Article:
Stand dumb and speak nyt to him. • Bestilld almost to gelée,' i. e. fixed almost as if the blood was frozen in their veins, or, in other words, as if petrified, with the act,' with the manner, the proceeding of the Ghost: and ' of fear,'' in fear, or through, or from fear, they stood mute. It should be noted that the expression “fear-surprised eyes,' means awe-struck : seized with reverential fear, and not simply terror, affright, as in this latter instance. . B.
Laer. He may not, as unvalued persons do, : Carve for himself; fur on his choice depends The safety and the health of the whole state ; . And therefore must his choice be circumscrib'd Unto the voice and yielding of that body, Whereof he is the head.
“ He may not, as unvalued persons do,
“ Carve for himself.” • Carve for himself' is a coarse, if not an unmeaning expression. We may easily read, and even with some degree of elegance and force, crave,' i. e. sue for himself. B.
Laer. Then weigh what loss your honor inay
sustain, If with too credent ear you list bis songs ;' Or lose your heart; or your chaste treasure open
To his unmaster d importunity.
-unmaster'd—- ) i. c. licentious. Jounson.
« To his unmaster'd importunity." Unmastered) goes not so far,-it rather means not to be checked ; not to be controlled. B.
Pol. The friends thou hast, and their adoption
“ The friends thou hast, and their adoption tried." I read “ adaption, adaptation tried,” i. e. their suitableness, their fitness to be made your friends being proved, then,
&c. B. in . But do not dull thy palm with entertainment
* Of each new-hatch'd, unfledg’d comrade. The literal sense is, “ Do not make thy palm callous by shaking every man by the hand." The figurative meaning may he, “ Do not by promiscuous conversation make thy mind insensible to the difference of characters.” 'Johnson.
“Do not dull thy palm," is, I think, Do not sully thy honor, or the honor of thy house, by associating with thy inferiors, or with people who are little known to thee. A similar expression is found in Troilus and Cressida,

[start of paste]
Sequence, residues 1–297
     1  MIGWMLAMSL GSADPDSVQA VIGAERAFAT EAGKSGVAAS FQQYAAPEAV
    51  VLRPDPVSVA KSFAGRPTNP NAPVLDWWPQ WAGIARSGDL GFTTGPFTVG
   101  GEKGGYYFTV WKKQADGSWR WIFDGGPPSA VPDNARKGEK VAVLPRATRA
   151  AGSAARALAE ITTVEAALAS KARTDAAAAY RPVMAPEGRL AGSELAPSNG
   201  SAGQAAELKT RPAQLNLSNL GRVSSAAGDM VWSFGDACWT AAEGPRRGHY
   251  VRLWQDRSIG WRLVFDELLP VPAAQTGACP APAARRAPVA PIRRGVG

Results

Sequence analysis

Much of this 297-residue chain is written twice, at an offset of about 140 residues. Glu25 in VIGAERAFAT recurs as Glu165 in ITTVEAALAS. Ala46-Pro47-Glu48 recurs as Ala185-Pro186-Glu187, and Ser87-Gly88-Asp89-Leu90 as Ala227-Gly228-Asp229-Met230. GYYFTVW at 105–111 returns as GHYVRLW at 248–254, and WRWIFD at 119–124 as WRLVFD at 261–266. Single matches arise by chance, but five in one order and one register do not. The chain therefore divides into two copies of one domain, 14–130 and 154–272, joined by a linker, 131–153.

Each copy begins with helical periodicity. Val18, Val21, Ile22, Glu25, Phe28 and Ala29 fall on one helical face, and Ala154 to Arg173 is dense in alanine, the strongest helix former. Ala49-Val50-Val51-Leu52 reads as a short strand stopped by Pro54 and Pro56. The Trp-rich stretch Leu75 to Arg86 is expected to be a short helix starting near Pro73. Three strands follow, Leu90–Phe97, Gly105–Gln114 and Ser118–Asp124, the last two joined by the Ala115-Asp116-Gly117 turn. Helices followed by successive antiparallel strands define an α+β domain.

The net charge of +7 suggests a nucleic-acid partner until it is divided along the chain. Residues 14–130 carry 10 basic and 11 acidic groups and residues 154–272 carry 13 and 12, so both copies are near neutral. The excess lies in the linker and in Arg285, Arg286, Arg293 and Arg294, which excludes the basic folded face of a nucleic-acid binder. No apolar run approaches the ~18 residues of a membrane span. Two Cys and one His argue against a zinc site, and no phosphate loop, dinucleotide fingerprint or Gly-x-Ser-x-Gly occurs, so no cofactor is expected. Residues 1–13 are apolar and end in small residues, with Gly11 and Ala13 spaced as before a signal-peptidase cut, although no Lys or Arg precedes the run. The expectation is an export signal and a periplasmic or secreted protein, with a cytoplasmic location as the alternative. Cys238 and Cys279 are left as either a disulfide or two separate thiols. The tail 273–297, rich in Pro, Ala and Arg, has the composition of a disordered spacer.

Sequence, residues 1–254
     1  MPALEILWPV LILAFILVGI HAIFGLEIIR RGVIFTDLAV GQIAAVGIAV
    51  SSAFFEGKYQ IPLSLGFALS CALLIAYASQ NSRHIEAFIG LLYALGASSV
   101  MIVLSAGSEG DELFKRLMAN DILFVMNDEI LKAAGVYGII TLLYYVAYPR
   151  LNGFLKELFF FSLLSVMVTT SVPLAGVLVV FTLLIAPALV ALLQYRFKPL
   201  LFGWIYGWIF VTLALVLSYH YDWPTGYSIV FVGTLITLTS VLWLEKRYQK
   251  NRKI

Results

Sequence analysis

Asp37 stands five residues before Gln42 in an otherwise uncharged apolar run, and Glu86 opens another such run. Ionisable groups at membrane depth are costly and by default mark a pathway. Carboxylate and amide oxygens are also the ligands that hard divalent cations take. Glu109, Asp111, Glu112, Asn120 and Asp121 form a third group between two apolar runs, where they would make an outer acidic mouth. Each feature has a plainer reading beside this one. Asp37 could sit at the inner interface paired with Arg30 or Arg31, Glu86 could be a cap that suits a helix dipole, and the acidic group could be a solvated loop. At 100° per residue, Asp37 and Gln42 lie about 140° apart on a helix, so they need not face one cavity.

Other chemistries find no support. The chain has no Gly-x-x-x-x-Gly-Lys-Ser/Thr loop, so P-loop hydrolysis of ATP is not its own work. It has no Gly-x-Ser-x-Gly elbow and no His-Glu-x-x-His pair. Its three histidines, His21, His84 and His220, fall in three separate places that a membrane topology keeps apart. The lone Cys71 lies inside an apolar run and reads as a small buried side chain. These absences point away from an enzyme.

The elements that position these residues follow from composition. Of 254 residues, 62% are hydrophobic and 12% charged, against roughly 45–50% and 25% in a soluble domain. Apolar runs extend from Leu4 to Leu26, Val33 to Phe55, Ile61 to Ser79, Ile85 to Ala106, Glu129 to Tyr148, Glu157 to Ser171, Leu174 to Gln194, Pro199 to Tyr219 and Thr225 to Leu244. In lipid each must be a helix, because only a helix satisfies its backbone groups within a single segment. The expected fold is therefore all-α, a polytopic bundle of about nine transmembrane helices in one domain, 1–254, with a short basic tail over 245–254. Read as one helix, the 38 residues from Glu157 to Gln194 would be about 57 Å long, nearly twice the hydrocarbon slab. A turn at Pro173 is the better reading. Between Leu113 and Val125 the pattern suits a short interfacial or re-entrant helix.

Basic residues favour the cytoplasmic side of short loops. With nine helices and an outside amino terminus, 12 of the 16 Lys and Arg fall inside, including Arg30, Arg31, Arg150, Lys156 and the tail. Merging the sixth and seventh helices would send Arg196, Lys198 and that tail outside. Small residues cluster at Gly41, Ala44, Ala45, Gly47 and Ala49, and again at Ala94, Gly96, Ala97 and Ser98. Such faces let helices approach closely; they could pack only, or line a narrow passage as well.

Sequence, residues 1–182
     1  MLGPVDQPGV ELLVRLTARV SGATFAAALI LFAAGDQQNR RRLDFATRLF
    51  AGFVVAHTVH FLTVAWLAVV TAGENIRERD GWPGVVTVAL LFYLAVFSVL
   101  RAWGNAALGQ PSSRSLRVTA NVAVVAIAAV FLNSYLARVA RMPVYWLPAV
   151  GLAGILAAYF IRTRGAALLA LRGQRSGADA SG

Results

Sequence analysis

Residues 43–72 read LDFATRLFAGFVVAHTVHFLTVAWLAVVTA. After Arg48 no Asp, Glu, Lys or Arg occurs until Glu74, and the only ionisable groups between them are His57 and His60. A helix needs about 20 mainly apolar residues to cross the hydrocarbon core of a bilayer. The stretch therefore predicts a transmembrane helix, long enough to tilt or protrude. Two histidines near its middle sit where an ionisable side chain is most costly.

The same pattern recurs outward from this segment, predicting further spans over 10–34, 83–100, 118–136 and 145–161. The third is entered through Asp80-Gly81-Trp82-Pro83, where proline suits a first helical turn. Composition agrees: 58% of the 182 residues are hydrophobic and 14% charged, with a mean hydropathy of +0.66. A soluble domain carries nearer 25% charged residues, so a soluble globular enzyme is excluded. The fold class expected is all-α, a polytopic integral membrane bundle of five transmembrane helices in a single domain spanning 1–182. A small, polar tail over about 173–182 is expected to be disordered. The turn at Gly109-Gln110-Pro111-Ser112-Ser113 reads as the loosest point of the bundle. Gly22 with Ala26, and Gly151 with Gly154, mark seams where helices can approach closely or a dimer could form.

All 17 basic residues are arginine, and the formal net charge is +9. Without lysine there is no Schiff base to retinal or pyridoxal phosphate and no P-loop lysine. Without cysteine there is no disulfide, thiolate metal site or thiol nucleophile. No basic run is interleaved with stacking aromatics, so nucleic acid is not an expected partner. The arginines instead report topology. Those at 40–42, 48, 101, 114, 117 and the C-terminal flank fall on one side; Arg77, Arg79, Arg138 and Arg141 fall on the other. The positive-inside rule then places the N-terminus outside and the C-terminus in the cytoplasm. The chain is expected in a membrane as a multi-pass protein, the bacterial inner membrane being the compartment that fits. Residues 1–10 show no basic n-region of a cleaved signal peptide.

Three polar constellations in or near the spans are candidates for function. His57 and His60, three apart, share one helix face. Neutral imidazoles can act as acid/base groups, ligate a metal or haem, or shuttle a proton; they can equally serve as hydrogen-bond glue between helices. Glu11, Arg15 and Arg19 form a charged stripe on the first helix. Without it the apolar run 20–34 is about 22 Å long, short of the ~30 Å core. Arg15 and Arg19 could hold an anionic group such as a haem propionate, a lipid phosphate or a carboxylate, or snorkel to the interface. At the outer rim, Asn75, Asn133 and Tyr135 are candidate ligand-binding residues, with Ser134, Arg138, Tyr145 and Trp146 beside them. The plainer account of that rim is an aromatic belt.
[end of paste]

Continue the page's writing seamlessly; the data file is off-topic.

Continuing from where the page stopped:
No, this thrice worthy and right valiant Lord,
voice : ' Take each man's censure, but reserve thy judg
ment. Costly thy habit as thy purse can buy, But not express'd in fancy; rich not gaudy:
For the apparel oft proclaims the man; .
each man's censure.] Censure is opinion.. See vol. vii. P. 69. STEEVENS.
Are inost select and generous, chief in that.] I think the whole design of the precept shows we should read, .
“ Are most select, and generous chief, in that." Chief is an adjective used adverbially, a practice common to our author. Chiefly generous. Yet it must be owned that the punctuation recommended is very stiff and harsh. STEEVENS.
Here -has been a silent deviation in all the modern editions from the old copies, which all read,
"Are of a most select and generous chef in that." May we suppose that Shakspeare borrowed the word chef from heraldry, with which he seems to have been very conversant? “ They in France approve themselves to be of a most select and generous escutcheon by their dress." Chef in heraldry is the upper third part of the 'shield. This is very harsh; yet I hardly think that the words “ of a” could have been introduced without sonie authority from the MS. , MALONE.
The genuine meaning of the passage requires us to point the litie thus:
Are most select and generous, chief in that. i.e. the nobility of France are select and generous above all other nations, and chiefly in the point of apparel ; the richness and elegance of their dress. REMARKS.
“ Are most select and generous, chief in that." There is an awkwardness in the expression select and generous as applied to the apparel,' of 'they, in France,' which may be done away by transposition. The following arrangement will give that coherence to the discourse which it manifestly wants at present.
“Give every man thine car, but few thy voice :